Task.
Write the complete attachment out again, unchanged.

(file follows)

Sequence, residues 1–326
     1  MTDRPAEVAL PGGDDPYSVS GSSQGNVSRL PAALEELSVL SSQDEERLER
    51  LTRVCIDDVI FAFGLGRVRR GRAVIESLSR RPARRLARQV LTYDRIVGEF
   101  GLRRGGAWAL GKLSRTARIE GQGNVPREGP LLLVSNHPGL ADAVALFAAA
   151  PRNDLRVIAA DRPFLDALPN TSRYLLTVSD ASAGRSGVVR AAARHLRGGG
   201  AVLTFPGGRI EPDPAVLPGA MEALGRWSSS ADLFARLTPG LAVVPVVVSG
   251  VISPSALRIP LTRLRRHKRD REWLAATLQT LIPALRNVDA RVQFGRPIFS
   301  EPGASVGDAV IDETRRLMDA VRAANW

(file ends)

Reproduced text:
Sequence, residues 1–326
     1  MTDRPAEVAL PGGDDPYSVS GSSQGNVSRL PAALEELSVL SSQDEERLER
    51  LTRVCIDDVI FAFGLGRVRR GRAVIESLSR RPARRLARQV LTYDRIVGEF
   101  GLRRGGAWAL GKLSRTARIE GQGNVPREGP LLLVSNHPGL ADAVALFAAA
   151  PRNDLRVIAA DRPFLDALPN TSRYLLTVSD ASAGRSGVVR AAARHLRGGG
   201  AVLTFPGGRI EPDPAVLPGA MEALGRWSSS ADLFARLTPG LAVVPVVVSG
   251  VISPSALRIP LTRLRRHKRD REWLAATLQT LIPALRNVDA RVQFGRPIFS
   301  EPGASVGDAV IDETRRLMDA VRAANW